Tuesday, January 13, 2015


Can we as individuals with lived experience (consumers of mental health services) ever agree on enough issues to have a real voice in making the policies which determine so much about our lives?  I have received services since I was fifteen which is over fifty years and have been actively advocating since 1988 and my answer is increasingly leaning to the negative.  I don’t ever see us putting together a consensus voice with enough clout to influence the outcome of the national debate.

First, the majority of us are too poor to get into the money game to have any real influence in any political campaign.  Poverty works against a number of people and their issues in this country, but it certainly can be put at the top of the list for us.

Second, no national organization that I am aware of has managed to organize enough of a grassroots participatory process to convince anybody they have the right to speak on behalf on any great number of us.  This lack of honest authentic grassroots organization of persons with lived experience makes any organization lack credibility when saying they represent us.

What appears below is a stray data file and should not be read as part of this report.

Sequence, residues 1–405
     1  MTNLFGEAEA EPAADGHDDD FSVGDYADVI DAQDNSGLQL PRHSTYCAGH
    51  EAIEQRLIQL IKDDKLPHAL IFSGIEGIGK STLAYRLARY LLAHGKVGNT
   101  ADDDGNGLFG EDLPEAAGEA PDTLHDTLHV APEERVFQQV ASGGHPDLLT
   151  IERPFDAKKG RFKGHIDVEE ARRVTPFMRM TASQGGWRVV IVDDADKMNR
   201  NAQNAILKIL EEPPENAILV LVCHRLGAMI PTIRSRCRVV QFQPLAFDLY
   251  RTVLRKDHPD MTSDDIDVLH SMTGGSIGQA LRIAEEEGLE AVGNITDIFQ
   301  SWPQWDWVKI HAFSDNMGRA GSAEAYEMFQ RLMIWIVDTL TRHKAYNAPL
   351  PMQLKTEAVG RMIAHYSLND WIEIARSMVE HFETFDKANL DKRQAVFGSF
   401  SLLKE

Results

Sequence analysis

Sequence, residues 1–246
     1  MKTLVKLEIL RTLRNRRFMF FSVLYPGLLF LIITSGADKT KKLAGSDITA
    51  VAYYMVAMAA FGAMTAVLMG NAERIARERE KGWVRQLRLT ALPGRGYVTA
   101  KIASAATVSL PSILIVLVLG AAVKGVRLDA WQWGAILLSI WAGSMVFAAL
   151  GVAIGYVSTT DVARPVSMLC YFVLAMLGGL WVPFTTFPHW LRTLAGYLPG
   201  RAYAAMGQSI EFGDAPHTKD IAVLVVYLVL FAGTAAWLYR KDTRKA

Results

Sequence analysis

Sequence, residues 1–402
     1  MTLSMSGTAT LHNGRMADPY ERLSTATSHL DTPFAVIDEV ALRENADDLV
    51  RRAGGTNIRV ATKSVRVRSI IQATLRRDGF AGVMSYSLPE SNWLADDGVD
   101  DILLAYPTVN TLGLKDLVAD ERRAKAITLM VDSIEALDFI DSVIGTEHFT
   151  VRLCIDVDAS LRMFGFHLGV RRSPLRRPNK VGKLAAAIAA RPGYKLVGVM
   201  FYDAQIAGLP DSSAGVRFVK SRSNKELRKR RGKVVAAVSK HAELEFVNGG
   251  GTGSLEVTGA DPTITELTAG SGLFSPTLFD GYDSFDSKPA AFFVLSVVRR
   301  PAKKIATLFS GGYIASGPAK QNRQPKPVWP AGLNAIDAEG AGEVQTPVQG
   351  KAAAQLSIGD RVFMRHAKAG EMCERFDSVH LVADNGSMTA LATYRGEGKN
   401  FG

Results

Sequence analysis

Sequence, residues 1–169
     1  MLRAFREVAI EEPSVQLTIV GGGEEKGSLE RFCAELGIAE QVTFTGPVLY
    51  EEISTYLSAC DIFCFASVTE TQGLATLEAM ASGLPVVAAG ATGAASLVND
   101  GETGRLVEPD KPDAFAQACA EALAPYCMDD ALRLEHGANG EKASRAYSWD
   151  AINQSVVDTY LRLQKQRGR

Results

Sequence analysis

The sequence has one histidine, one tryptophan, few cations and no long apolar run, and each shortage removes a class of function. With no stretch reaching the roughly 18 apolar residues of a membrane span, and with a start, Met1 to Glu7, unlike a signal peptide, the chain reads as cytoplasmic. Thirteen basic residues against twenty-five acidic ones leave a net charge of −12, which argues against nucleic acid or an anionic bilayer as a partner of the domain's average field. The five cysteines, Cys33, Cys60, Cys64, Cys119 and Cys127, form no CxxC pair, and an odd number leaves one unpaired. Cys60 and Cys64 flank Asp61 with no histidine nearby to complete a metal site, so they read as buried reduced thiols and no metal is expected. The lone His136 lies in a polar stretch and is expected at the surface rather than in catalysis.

Third, we have been unsuccessful in getting the media to portray us in a fair way.  This is unlikely to change.  We have some great writers and they answer articles that appear in print, but I am afraid we are losing that battle.  For example, I often see something Laurie Coker, Executive Director of NC CANSO has written in response to an article she has seen.  I am glad people do respond, but overall I think we are losing.

I am not giving up, but we need new ideas and new blood.  We need an agenda that a majority can agree on without it being so weak it is meaningless.  I would like to see it before I die, because I am tired of having to live in fear of being locked away without ever committing a crime other than the fact that some people do not like my mind.

© Ed Cooper, January 13, 2015
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